Wednesday, June 1, 2022

A Beller From the Pond


Bullfrog on a limb overhanging our pond

         I built a nice pond up here on this ridge top about 25 years ago, and it was a wise move, though an expensive one at the time.  I have stocked it with fish, but I don’t fish it much except when I need bait for a trotline.  It is a pretty much easy place to catch a bucket full of 4 or 5-inch sunfish.  Last night as I sat on the porch watching the sunset I heard a big ol’ bullfrog bellerin’ from the pond.  There a lots of them too and in the summer they beller a lot.  I catch them from the nearby river every now and then, because, as most of you know, they are great eating.  But for some reason I have never eaten one from my pond.  I just can’t bring myself to do it.  I’d rather  hear ‘em than eat   ‘em

         Usually, when you read a natural history account, it discusses the basic things you find in a nature book of some type, like when the bird or animal migrates or hibernates, how many young it has, and what it eats. Today’s outdoor writers who write such things usually live in the city suburbs and get their information from a book someone else wrote long ago.  When I was a kid I read where bullfrogs lay about five or six thousand eggs and I set out to see if that was correct.  I found a big bunch of frog eggs in a little backwater slough and began to count them, and I was up around four or five hundred when something distracted me, so I never did get a completed count.  

         I have decided to go with what the book says.  I can say for sure that tadpoles hatch from the eggs and begin, in time to sprout legs and slowly, throughout the course of the summer, become a small bullfrog.  The book says that in about two years, that little frog will be a full grown, eating size bullfrog about 5 inches long.  It says that bullfrogs only get to be about 6 and 1/2  inches long, and I don't buy that at all.  I know I have caught some that were 8 or 9 inches long and 18 inches long with their legs stretched out.  Ol' Bill down at the pool hall when I was a kid, said he had seen 'em 24 inches long when he was younger, and I can tell you that Ol' Bill knew more about river critters than whoever wrote those books.  You remember seeing that picture of the heron trying to swallow a bullfrog, and the bullfrog hanging out the big birds beak with it's front feet wrapped around the heron's neck trying to choke it to death...?  Well Ol' Bill said he actually seen that happen once.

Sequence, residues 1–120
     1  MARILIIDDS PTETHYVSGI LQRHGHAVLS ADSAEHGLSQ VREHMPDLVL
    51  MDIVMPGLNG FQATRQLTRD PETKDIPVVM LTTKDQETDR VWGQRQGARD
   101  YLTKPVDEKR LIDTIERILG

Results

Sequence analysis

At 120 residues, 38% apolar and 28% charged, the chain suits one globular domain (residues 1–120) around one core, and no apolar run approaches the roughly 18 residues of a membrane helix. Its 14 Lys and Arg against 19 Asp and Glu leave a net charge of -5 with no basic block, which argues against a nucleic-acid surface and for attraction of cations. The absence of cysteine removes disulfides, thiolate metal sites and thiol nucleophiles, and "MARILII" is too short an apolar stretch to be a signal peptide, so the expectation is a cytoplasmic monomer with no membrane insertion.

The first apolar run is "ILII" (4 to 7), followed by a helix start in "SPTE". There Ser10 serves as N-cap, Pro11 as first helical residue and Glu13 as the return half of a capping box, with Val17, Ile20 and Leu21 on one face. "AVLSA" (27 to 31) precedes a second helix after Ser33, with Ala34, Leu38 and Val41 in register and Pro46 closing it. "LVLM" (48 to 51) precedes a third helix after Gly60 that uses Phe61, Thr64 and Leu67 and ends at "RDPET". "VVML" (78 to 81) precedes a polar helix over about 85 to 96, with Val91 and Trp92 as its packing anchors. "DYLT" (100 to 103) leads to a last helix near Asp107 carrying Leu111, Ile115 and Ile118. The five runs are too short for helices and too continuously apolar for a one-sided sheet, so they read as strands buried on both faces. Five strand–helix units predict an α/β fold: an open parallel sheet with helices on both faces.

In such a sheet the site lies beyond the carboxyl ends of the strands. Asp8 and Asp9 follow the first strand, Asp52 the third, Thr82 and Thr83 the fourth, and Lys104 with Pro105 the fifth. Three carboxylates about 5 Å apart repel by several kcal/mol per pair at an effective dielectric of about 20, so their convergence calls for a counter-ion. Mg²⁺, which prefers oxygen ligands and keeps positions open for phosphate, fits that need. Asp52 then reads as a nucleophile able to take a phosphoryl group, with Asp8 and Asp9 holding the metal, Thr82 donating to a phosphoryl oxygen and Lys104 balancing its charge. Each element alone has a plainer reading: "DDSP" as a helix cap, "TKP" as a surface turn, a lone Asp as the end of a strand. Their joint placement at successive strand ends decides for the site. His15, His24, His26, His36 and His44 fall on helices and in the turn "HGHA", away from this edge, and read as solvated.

I know from studying bullfrogs on my own that they will eat about anything they can, and they eat both at night and during the daytime.  I never recall ever seeing one asleep; never saw one that wouldn't eat whenever the opportunity presented itself.   They really can unroll that tongue out there and nail an insect before them, and they can also swim up to a crawdad under water and eat it too.  I imagine they prefer crawdads to about anything when they can get them, but then, a pond bullfrog which has no crawdads in his pond has to settle for insects or small fish or small snakes.  A bullfrog is a little like some of my relatives on my mother's side, he will eat whatever he can get, whatever comes along that looks capable of being swallowed.

         Bullfrogs usually fatten up and hibernate in the muck or mud somewhere, and that is to me one of the most amazing things when you think of it.  They just sense when it is time to burrow in somewhere and when spring comes along they wake up and get back to a normal life.  Think about that this Christmas when there's about a foot of snow on the ground.... down at the river, there are dozens of bullfrogs snoozing away in a foot or so of frozen mud, not breathing or eating, with about one heartbeat every two days.  

         From my own experiences with bullfrogs, without consulting the books, they are very prolific, lead a fairly boring life, miss the whole winter sleeping but stay awake all summer, can jump the full length of a johnboat, eat almost everything that is smaller than they are and feed almost everything larger than they are. Their deep bellowing call adds a great deal to an Ozark river on a summer night. And here on my ridge, bellering away from the pond in the woods, they make summer melodious. It wouldn't be the same without them.  


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